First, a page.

The Zinn Education Project promotes and supports the teaching of people’s history in middle and high school classrooms across the country. Based on the lens of history highlighted in Howard Zinn’s best-selling book A People’s History of the United States, the website offers free, downloadable lessons and articles organized by theme, time period, and reading level.

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Part 2: December 29, 1890 - Wounded Knee Massacre

The 7th Cavalry (Custer's old command) fired their artillery amidst mostly unarmed women, children, and fleeing men.

Carl Bunin, Today in Peace and Justice History 

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December 29, 1890 | The U.S. Army killed approximately 300 Oglala Sioux at Wounded Knee, in the new state of South Dakota. 

The 7th Cavalry (Custer's old command) fired their artillery amidst mostly unarmed women, children, and fleeing men. 

Carl Bunin: Publisher, Today in Peace and Justice History, a weekly peace and justice history mailing.

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Brothers in White Resentment

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  • What gave us Donald Trump is what gave us Dylann Roof.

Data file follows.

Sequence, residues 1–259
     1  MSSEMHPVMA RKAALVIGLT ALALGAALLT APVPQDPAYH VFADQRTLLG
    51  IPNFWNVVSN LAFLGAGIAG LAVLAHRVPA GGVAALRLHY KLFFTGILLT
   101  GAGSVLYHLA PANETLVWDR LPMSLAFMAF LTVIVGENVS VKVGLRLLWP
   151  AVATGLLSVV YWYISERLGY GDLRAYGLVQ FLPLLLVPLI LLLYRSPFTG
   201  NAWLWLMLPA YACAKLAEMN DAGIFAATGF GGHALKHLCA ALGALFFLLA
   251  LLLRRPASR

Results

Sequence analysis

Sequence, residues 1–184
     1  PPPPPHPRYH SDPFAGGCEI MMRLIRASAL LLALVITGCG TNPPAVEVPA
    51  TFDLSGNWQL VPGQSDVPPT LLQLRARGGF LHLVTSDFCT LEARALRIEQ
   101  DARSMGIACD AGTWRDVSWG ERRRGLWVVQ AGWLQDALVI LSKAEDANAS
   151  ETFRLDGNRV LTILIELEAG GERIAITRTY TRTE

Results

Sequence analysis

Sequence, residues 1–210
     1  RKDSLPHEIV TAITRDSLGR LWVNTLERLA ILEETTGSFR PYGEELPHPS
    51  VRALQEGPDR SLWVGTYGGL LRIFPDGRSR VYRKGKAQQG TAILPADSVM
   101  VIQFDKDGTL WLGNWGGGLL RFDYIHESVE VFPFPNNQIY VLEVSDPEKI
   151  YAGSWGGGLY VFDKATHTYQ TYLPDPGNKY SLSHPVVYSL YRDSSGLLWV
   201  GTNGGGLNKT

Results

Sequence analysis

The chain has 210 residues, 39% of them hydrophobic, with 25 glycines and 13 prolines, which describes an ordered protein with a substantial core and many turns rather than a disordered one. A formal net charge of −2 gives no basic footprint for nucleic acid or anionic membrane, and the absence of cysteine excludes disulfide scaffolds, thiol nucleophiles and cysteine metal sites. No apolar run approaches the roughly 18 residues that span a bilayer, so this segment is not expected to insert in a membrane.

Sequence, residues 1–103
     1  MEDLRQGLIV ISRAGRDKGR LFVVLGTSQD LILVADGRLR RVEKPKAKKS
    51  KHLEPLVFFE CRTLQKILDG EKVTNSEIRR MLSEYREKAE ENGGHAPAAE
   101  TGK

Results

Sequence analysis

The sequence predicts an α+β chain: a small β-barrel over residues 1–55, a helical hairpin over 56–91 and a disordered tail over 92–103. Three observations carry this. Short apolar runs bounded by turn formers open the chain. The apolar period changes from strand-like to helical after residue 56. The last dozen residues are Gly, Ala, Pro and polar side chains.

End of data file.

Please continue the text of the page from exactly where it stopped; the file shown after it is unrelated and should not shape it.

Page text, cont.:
• Related: Racism With No Racists: The President Trump Conundrum

Jamelle Bouie, Slate

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http://www.slate.com/content/dam/slate/articles/news_and_politics/politics/2016/12/161215_POL_Trump-Roof.jpg.CROP.promo-xlarge2.jpg Donald Trump did not cause Dylann Roof. But there are clear thematic connections between the two. Photo illustration by Slate. Photos by Drew Angerer/Getty Images, Grace Beahm-Pool/Getty Images.

On June 16, 2015, Donald Trump took the stage at his eponymous tower in New York City and announced his bid for the White House. His message was clear. “The U.S. has become a dumping ground for everyone else's problems,” Trump said.

A day later, in South Carolina, 21-year-old Dylann Roof walked into Emanuel African Methodist Episcopal Church in Charleston, where members were holding Bible study. Using a .45-caliber Glock handgun and eight magazines of ammunition, Roof shot and killed nine people, including the pastor, the Rev. Clementa Pinckney, who was also a state senator. Before he arrived at the church, Roof posted a manifesto on his website, a racist tirade that expressed his motives. His message was also clear. “Integration has done nothing but bring Whites down to level of brute animals,” wrote Roof.

Jamelle Bouie is Slate’s chief political correspondent.

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Related: 

Racism With No Racists: The President Trump Conundrum, Tressie McMillan Cottom, tressiemc <>

  • If the media cannot call that racism, will they be able to cover President-elect Donald Trump?